The College of Policing carried out a peer review of the force’s occupational health provision in 2020. This review made several recommendations intended to improve the service, and the force has since put a plan in place. The force now needs to make sure that this plan includes ways that occupational health can be accessed by those who work in remote parts of the force area. It also needs to make sure that it is conducting proactive welfare checks on those officers and staff who work in high-risk roles and may be dealing with traumatic incidents. Such checks will determine if staff are affected by their work and need enhanced wellbeing support.
The force needs to continue to make improvements to the ways in which its ethics committee works
The force reviewed its ethics committee in 2020, following feedback from HMICFRS and following its own internal review. The force changed the referral route into the committee, and this did improve the number of ethical dilemma referrals. But the committee is still receiving referrals that aren’t ethical dilemmas and, instead, are matters that should be considered by line managers and human resources. Awareness needs to be raised about the role and function of the ethics committee and the type of material that should be referred to it. Feedback on ethical dilemmas that have been discussed should be provided to the workforce to enhance learning and improve general levels of understanding.
Strategic planning, organisational management and value for money
Dyfed-Powys Police is adequate at operating efficiently.
Areas for improvement
The force needs to make sure that its performance framework monitors performance at all levels of the organisation to identify learning and to make timely improvements when needed
The force has a governance structure in place to ensure that performance management is carried out. This includes the force performance board, local policing area performance meetings, which are monthly, and daily management meetings. These forums are supported by good data analysis that provides insight into all aspects of crime and its effects on communities. While the force performance board has both a clear structure and responsibilities for members, the other meetings are inconsistent in their approach; actions and follow-up do not seem to always take place quickly enough.
Areas for improvement
The area for Improvement from 2018 still applies: the force should develop career pathways linked to its succession planning
Succession planning is helpful to be able to plan for and execute smooth transitions of key roles and positions. While career opportunities are available for officers and staff in the force, it does have more work to do to better understand workforce skills and capabilities. This would provide a more detailed picture for the force and enable it to consider skills gaps, deployment decisions and succession planning.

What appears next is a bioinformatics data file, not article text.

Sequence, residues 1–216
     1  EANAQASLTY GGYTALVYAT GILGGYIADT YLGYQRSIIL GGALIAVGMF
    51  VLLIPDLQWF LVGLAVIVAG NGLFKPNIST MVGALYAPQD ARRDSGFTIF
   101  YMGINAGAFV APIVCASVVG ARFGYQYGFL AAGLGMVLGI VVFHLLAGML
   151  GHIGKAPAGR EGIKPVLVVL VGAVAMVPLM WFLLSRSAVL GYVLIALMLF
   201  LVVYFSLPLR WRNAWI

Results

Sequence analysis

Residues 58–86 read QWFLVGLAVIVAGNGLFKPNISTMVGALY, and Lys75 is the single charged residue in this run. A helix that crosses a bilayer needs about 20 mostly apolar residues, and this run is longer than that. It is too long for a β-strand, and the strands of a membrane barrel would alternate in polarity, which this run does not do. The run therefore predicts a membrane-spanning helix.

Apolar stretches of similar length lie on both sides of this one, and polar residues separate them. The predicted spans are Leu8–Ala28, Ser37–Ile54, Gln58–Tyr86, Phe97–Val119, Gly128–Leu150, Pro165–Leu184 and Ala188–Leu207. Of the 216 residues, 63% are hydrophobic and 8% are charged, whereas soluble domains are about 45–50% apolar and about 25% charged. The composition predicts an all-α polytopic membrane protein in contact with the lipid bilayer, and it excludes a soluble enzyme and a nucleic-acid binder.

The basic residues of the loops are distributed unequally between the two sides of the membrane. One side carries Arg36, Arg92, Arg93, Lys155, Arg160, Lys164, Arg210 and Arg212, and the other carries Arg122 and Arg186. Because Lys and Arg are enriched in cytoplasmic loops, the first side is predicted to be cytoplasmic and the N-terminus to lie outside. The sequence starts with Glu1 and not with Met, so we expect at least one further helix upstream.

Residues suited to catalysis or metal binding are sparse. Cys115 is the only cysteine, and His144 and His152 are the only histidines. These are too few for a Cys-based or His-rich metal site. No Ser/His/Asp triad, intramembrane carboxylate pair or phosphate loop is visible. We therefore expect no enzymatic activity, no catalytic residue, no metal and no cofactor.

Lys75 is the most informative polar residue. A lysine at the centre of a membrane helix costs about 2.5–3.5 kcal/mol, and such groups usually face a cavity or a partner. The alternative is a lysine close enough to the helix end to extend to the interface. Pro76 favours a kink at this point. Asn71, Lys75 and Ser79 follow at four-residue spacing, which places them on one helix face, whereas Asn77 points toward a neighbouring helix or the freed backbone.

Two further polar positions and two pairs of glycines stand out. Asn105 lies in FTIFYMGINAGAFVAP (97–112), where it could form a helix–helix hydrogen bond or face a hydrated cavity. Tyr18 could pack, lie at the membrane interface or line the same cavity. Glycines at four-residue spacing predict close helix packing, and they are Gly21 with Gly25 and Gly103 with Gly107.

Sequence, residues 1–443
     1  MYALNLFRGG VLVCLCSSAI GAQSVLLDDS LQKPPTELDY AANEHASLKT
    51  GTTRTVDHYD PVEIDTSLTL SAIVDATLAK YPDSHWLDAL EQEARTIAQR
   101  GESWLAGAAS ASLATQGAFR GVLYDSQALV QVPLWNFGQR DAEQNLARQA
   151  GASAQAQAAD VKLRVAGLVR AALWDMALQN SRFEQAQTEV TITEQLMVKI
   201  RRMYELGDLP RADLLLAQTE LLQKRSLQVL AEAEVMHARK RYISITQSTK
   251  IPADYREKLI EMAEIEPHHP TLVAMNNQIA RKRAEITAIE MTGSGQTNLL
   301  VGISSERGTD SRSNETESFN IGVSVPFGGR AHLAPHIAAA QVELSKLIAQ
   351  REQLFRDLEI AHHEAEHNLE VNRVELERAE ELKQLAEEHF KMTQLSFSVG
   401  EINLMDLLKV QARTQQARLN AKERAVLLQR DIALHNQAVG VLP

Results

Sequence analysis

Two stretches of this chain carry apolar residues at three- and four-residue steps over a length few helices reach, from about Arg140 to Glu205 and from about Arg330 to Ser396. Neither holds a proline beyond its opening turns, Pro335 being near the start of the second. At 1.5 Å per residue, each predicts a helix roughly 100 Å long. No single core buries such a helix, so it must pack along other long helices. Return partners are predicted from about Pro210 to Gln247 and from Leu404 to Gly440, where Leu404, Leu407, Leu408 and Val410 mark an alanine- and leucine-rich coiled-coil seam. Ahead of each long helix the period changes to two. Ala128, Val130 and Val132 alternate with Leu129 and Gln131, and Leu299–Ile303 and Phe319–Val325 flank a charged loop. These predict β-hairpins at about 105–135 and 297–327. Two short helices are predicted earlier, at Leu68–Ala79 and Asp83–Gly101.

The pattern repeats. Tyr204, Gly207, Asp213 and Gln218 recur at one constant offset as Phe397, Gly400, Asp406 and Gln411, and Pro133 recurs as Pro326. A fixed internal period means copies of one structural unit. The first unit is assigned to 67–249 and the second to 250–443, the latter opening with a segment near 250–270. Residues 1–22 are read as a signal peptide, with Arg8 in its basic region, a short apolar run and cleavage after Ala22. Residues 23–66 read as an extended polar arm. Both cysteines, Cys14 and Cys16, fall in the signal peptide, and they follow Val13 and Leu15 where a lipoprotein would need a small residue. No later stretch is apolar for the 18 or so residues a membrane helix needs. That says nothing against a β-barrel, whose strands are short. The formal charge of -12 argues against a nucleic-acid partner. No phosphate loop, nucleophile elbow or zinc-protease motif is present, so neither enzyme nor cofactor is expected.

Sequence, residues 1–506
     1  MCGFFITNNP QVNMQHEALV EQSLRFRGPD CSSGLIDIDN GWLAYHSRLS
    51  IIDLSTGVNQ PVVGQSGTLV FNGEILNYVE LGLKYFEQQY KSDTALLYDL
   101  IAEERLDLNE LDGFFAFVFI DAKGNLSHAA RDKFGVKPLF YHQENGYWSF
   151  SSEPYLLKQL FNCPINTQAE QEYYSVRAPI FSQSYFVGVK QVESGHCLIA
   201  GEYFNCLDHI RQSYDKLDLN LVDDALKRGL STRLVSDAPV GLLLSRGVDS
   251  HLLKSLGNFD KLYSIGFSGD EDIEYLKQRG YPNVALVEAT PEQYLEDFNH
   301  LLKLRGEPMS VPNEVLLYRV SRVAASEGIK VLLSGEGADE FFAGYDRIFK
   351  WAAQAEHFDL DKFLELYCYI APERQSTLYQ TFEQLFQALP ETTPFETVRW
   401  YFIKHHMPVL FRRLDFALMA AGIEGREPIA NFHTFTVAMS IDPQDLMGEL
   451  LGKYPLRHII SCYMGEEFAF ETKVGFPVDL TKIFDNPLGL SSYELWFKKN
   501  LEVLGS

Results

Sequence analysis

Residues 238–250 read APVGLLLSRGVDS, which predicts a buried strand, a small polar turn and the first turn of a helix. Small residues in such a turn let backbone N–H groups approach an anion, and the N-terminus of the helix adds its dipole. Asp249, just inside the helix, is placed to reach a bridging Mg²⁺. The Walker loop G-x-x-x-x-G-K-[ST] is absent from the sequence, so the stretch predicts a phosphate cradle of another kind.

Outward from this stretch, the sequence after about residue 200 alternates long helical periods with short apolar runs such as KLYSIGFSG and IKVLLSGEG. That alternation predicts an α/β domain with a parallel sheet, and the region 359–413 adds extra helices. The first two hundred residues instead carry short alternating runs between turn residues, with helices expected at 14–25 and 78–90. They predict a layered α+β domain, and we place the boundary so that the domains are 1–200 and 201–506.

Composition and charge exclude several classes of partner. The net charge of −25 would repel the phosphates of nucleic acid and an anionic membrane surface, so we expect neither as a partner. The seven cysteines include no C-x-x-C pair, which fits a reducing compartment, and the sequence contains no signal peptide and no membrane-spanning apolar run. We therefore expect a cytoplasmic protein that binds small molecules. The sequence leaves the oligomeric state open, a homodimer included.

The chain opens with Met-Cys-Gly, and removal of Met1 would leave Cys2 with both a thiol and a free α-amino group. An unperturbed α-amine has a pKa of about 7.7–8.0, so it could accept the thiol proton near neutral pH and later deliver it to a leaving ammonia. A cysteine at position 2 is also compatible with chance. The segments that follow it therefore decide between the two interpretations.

In this section we set out our main findings that relate to how well the force responds to the public.
The force collaborates to improve services and maximises the benefits of working collaboratively in line with its statutory obligations
The governance of collaborations is managed through the All Wales Collaboration arrangement. This comprises a small team funded by the four Welsh forces to manage collaborations. Its priorities include the efficiency of IT systems for recruitment, training and human resources. Established collaborations include the Welsh Extremism and Counter Terrorism Unit, called Tarian (the regional organised crime unit), the Joint Firearms Unit (Dyfed-Powys Police/Gwent Police/South Wales Police), the All Wales Forensic Programme, the All Wales Schools Liaison Programme and the All Wales Recruitment Programme.
The force is increasingly able to quantify the benefits derived from collaborations. From the Home Office-inspired ‘Blue Lights Collaboration’, a national programme aimed at making £20m of savings from emergency services, the Welsh forces will save £1m annually. Welsh forces now save £700,000 annually through joint ‘e‑recruitment’. Further evidence of the force’s commitment to professional collaboration is the development of all-Wales Sexual Assault Referral Centres (SARCs). The force’s most recent collaboration for its new records management system will also improve efficiency.
The force manages current demand well
The force has an effective understanding of demand in all areas. The force management statement (FMS) uses a combination of statistical and qualitative approaches to establish the level of risk for each part of the force. It also details what the force is doing to improve services to the public. The FMS takes the reader through a logical sequence: an analysis of demand; identifying current and future pressures that will affect the workforce; deciding upon areas for investment; and then setting out the risk for areas it cannot resource because it doesn’t have the budget.
The investment the force has made in understanding demand is positive, and we saw examples of it identifying emerging local and national issues which allowed it to move resources around the force area to meet demand. An example of this is Operation Lion, which manages the increased demand caused by tourism in Tenby during the summer months.